Are voice controls really as safe as they are claimed to be? Researchers are looking into it, but it looks as though the immediate answer is a firm "not quite".
Voice controls are becoming more and more common these days. One of the reasons for this is the need for "hands-off" operation of devices. This is especially the focus of devices used while driving, such as cell phones and navigation systems. From "hands free" headsets to full on voice control, keeping drivers' hands on the wheel and eyes on the road has been a priority for device manufacturer's and market teams.
However, there is research to show that even when using voice controls, a driver's reaction time is slowed down. David Strayer, professor of psychology at the University of Utah, states that during research for the AAA Foundation for Traffic safety, he found that using voice controls to interact with a device, such as having email read to the driver, caused a slower reaction time that listening to music or even talking on a phone.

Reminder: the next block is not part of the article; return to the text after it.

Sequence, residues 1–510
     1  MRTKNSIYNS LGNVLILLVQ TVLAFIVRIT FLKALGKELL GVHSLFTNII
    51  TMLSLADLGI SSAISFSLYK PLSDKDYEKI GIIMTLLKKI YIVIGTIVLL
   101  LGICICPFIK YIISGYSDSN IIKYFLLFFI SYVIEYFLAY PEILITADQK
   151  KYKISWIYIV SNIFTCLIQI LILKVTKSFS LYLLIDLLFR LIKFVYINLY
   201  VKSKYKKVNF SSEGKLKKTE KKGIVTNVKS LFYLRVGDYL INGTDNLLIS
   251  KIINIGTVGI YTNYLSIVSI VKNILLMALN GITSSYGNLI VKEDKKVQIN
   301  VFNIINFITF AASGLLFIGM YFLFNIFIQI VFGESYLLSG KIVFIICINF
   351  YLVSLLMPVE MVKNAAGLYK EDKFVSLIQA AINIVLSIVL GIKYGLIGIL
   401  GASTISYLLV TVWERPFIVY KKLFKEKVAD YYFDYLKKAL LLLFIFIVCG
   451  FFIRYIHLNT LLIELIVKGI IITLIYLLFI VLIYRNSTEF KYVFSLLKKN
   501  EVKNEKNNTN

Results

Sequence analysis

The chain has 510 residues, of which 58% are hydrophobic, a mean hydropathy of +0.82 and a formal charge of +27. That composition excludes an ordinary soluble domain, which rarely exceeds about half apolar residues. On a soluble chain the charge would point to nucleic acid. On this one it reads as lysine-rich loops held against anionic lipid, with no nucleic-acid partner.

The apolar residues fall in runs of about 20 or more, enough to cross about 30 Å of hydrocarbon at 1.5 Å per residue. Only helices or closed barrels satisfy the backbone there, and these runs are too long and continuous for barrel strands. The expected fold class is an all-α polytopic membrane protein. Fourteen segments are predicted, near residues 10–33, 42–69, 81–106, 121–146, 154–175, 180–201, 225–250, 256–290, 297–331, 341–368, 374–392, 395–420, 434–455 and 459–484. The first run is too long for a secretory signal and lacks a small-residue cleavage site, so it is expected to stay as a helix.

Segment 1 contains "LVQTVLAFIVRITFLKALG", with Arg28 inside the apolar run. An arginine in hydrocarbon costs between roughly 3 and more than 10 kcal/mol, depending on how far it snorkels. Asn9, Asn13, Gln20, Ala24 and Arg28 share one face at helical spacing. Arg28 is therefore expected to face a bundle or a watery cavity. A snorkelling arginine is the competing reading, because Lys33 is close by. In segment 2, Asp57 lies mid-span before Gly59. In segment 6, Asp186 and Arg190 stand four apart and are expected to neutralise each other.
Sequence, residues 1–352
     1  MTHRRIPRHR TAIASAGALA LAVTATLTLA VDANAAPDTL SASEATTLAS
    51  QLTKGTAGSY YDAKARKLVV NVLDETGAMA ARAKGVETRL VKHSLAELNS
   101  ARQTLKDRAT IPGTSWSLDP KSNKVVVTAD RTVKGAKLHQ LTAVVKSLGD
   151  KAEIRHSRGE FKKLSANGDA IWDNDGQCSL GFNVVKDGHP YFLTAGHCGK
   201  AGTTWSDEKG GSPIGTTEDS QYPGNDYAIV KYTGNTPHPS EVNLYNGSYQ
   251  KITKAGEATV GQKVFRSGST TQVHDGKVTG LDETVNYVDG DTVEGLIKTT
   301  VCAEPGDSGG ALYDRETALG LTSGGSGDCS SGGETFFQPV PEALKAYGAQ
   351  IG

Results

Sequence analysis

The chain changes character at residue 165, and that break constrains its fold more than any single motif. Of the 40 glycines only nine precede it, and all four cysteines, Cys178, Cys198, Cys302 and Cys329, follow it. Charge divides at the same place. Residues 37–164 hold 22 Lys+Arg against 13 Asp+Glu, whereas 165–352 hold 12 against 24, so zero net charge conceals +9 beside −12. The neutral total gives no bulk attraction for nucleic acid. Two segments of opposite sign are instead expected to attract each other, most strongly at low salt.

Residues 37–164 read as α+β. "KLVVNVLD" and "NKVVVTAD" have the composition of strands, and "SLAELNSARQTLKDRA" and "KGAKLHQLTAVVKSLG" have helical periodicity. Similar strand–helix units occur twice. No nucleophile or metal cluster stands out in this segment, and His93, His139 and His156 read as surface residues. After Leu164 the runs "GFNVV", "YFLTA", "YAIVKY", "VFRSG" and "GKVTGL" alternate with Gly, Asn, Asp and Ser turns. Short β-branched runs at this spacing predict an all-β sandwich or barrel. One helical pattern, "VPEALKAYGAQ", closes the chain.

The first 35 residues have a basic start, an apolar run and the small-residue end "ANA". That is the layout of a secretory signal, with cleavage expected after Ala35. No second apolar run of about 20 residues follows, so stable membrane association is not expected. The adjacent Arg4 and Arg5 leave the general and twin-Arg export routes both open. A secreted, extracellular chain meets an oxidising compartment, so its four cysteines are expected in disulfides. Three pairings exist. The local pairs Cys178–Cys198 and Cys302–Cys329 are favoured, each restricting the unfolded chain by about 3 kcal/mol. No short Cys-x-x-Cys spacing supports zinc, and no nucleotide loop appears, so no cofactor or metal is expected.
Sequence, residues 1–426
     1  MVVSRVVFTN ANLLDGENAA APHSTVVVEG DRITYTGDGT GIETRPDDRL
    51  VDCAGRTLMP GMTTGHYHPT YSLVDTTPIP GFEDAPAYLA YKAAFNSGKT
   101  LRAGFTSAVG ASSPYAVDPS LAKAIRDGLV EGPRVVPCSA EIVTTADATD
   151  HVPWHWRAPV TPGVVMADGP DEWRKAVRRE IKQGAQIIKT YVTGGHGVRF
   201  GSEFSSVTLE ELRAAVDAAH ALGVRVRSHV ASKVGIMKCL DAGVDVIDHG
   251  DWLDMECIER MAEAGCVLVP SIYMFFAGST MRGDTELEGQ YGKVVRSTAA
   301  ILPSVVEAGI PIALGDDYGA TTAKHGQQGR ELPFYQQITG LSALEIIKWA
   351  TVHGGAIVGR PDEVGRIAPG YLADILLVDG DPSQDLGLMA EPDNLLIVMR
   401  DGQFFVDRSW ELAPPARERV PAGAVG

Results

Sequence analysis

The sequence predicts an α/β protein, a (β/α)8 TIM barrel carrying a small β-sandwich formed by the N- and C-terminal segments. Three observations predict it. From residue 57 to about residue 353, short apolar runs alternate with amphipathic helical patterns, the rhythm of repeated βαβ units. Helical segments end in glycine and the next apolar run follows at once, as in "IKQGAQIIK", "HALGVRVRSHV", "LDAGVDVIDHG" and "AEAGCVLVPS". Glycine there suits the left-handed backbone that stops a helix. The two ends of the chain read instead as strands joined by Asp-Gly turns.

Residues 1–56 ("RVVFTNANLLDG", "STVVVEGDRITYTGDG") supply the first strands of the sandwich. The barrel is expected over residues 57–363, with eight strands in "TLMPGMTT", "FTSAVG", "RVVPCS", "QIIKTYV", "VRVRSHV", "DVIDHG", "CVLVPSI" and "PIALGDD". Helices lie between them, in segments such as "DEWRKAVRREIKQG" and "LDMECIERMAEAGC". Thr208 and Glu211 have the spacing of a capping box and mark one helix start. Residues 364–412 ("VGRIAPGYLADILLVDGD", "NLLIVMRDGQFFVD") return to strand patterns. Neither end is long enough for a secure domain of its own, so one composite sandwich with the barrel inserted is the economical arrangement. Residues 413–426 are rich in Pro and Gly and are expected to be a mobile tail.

Since "hands free" has been all the rage in recent years, its interesting to see this area under contest. This could be a good thing, though, because finding out that something isn't as safe as it was thought to be is the first step to improving the safety involved.
For more information, check out the source article below.
Source: USA Today